Recently the U.S. Department of Health and Human Services published a book, Healthy People 2000: National Health Promotion and Disease Prevention Objectives. This publication is a composite of the goals for the Public Health Service for the coming century. Note the following goals for the area of occupational health and safety:
- to reduce work related injuries resulting in medical treatment, lost time from work, or restricted work activity;
- to reduce cumulative trauma disorders;
- to increase to at least 70 percent the proportion of work sites with 50 or more employees that have implemented programs on worker health and safety;
- to increase to at least 50 percent the proportion of work sites with 50 or more employees that offer back injury prevention and rehabilitation programs.
As of 1985, only 28.6 percent of work sites offered back injury programs. While there are many other goals for the Public Health Service, the stated interest in reducing the incidence and costs resulting from musculoskeletal injuries in the workplace presents us with both a serious challenge and an exciting opportunity. This is not an issue of whether or not somebody is going to provide prevention information to industry. It is, rather, an issue of who is going to provide this information.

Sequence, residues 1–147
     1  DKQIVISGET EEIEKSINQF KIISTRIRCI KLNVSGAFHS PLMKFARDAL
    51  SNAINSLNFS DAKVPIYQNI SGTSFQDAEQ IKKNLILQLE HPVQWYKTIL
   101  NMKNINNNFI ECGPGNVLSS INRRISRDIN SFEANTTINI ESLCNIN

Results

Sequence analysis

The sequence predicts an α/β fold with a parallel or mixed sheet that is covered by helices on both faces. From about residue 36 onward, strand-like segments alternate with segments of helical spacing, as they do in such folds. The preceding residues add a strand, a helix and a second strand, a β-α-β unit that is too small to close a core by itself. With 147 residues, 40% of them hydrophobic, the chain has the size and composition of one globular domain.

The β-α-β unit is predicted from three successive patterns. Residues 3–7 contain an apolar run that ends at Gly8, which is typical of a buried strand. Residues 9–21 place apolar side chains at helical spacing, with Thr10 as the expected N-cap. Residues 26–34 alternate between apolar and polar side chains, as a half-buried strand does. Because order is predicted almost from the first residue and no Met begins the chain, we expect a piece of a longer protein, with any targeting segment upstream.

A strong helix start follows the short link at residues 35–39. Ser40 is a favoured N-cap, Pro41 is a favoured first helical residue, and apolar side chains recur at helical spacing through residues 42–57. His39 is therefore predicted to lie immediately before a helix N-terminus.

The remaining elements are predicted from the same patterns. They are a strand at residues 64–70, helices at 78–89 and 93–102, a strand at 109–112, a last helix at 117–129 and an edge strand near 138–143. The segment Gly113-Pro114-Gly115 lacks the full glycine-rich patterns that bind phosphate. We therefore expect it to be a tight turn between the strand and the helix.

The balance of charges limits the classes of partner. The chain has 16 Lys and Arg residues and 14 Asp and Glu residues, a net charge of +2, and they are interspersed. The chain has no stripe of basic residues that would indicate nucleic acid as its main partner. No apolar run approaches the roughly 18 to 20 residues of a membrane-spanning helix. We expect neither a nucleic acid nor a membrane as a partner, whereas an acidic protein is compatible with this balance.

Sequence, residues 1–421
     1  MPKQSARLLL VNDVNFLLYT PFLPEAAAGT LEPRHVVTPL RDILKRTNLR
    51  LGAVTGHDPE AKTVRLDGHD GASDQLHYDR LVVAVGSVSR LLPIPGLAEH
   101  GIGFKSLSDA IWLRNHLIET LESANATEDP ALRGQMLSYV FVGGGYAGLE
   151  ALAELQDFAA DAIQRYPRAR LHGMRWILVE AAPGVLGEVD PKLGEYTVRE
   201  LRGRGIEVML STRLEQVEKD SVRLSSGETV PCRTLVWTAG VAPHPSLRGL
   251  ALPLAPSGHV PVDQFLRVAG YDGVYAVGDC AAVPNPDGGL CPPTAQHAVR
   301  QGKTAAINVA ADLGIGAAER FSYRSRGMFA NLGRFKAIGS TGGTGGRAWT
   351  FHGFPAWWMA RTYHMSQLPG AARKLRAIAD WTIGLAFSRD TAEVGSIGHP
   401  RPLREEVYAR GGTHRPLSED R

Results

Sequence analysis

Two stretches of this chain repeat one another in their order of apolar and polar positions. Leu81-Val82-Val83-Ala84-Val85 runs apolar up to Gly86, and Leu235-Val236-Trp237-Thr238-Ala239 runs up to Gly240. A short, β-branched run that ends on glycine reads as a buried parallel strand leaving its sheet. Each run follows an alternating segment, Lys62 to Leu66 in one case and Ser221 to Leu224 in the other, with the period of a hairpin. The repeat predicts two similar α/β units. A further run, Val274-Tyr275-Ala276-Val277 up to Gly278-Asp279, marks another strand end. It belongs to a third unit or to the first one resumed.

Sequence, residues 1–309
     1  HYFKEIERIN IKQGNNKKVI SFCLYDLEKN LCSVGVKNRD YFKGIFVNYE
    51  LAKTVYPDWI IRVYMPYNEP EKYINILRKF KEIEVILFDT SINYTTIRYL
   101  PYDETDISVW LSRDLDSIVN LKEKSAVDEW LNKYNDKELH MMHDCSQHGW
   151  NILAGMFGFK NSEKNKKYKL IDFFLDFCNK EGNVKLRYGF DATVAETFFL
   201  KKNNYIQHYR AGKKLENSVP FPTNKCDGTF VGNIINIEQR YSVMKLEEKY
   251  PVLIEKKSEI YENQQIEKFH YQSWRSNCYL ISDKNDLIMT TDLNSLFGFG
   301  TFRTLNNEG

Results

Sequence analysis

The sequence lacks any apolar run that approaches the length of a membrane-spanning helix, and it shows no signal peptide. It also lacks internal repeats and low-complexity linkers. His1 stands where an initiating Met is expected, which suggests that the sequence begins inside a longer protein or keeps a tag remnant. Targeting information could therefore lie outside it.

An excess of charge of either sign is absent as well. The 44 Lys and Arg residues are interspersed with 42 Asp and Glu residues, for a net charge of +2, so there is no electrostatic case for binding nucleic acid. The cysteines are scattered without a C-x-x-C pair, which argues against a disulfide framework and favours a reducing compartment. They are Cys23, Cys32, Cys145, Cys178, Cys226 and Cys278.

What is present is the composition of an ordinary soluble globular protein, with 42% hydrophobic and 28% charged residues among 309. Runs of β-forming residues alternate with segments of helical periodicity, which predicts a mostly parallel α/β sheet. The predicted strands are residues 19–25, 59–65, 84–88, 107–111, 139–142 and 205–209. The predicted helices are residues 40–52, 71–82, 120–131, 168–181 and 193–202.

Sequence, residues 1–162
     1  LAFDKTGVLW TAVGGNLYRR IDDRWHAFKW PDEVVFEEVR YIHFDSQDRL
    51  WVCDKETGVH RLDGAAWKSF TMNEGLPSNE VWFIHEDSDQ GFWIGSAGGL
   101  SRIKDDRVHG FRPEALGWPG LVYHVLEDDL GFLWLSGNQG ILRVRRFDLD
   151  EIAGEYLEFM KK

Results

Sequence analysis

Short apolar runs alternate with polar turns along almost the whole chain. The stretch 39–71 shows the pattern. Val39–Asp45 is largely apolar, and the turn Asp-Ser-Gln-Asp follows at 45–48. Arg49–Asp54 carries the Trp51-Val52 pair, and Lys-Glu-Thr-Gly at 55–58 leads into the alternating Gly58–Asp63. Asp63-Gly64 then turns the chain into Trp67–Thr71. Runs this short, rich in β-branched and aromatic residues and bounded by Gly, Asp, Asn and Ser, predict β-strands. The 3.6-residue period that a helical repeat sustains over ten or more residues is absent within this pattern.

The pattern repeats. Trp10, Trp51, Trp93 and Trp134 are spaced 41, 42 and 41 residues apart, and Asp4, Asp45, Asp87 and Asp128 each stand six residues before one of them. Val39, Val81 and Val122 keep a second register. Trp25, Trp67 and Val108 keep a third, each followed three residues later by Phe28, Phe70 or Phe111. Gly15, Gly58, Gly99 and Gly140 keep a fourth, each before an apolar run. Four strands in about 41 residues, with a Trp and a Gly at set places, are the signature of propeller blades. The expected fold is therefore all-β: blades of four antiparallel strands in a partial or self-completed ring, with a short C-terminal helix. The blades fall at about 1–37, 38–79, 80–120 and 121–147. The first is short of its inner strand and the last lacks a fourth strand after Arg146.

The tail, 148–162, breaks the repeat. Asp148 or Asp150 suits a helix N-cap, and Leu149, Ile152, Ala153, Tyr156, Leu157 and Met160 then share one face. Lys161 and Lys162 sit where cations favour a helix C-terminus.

For some time, I have been lecturing to the chiropractic profession in an effort to encourage individuals to become active in working with industry. As a profession that has spent much of the past century talking about the need for prevention, should we not be leaders in the introduction and implementation of injury prevention programs, especially back injury and back safety programs? As back specialists, is it not in our best interest as a profession, not to mention the best interest of many potential back pain patients, to provide industry with the information necessary to prevent problems? Or should we abandon this role to other professions? As I follow the developments of an ever changing health care system, one thing is very clear: we have a robust future as specialists in the area of cost-effective, conservative care for musculoskeletal injuries. Be assured, however, we are not alone!
Webster BS, Snook SH: The cost of 1989 workers' compensation low back pain claims. Spine, 19(10):1111-1116, 1994.
Vance SR, Brown AM. On-Site Medical Care and Physical Therapy Impact, In: Isernhagen S, Comprehensive Guide to Work Injury Management, Aspen, Gaithersburg, MD, 1995.
Healthy People 2000: National Health Promotion and Disease Prevention Objectives, U.S. Department of Health and Human Services, Public Health Service, DHHS Publication No. (PHS) 91-50213, Government Printing Office, Washington, D.C., 1994
Editor's Note: If you have any questions, suggestions, or comments please write to Dr. Paul Hooper c/o Injury Prevention Technologies, 21343 Cold Springs Lane, Suite #443, Diamond Bar, California 91765